Melissa Derecola, Web Manager & Research Assistant

Melissa Derecola is a Graphic Designer who is currently pursuing an MA in Art History at George Mason University. Melissa received her BA in Graphic Design Communication from Philadelphia University, after which she spent 10 years working in Marketing and Graphic Design in Northern Virginia. Her work with the Transatlantic Encounters project has focused on the researching and mapping of the Paris Galleries, along with enhancing the web site’s user experience. Outside of George Mason she has spent time as a volunteer at the Smithsonian American History Museum and the Seattle Art Museum where she took part in the installation of Sandra Cinto’s site specific work Encontro das Águas in 2012.


Suzanne Gilbert, Research and Web Assistant

Suzanne Gilbert received her BA in Art History from George Mason University and is currently pursuing a MA in Art History, also at George Mason University. She has enjoyed the cultural delights found in the Washington, DC area all her life and regularly participates in events and exhibitions at the many galleries and museums of the nation’s capital. She comes from a family of artists, and has collaborated with her sister, the sculptor Melissa Ichiuji, on exhibits of her work in Paris, Berlin and Washington, DC. Most recently, Suzanne’s essay “The Pilgrimage of an Artist” was published in the catalog for the exhibition The Promise of Peace: Violet Oakley’s United Nations Portraits on view at the Woodmere Museum in Philadelphia. The research she conducted on the Parisian residences of Latin American artists and their art work as part of the Transatlantic Encounters project has provided a valuable complement to her primary scholarly focus on American art, particularly American Impressionism and works made in the United States at the turn of the twentieth century and during the interwar period. For over twenty-five years, she has worked in public service for local government and anticipates a second career that will fulfill her desire to work in the art field.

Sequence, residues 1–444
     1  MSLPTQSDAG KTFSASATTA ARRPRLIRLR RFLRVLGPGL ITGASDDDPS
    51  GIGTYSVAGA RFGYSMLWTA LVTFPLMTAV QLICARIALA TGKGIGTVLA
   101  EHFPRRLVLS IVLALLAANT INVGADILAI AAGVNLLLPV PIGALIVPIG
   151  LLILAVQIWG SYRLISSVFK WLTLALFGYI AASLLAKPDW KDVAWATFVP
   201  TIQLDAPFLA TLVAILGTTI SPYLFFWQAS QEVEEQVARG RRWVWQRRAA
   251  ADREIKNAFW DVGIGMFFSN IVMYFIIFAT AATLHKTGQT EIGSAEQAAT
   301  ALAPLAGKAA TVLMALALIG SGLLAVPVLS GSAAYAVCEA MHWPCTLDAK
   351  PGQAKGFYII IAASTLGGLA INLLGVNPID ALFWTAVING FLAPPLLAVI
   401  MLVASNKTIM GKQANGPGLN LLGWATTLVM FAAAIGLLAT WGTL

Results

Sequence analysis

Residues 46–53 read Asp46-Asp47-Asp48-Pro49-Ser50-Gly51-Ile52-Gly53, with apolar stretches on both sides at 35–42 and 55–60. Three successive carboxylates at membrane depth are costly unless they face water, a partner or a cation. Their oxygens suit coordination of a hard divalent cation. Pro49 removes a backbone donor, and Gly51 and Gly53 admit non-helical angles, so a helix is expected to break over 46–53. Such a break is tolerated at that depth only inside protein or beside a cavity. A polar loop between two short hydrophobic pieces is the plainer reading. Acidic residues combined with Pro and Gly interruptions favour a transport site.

Contributors

Below is a list of people who have submitted revisions and contributions to our website. I am incredibly grateful for their input. This is becoming a fantastic transcontinental exchange!

  • Michel Bastarache
  • James Beeler
  • Dominique Bermann Martin
  • José Darío Gutiérrez
  • Rémi Fauxbaton
  • Georgina Gluzman
  • Rodrigo Gutiérrez Viñuales
  • Maya Jiménez
  • Rachel Kaplan
  • Marianne Le Morvan
  • Marc J. Masurovsky
  • Gloria Santos
  • Fernando Saavedra
  • Noëlle Sickels
  • Gerardo Traeger
  • Elodie Vaudry
  • Stanislav Volkov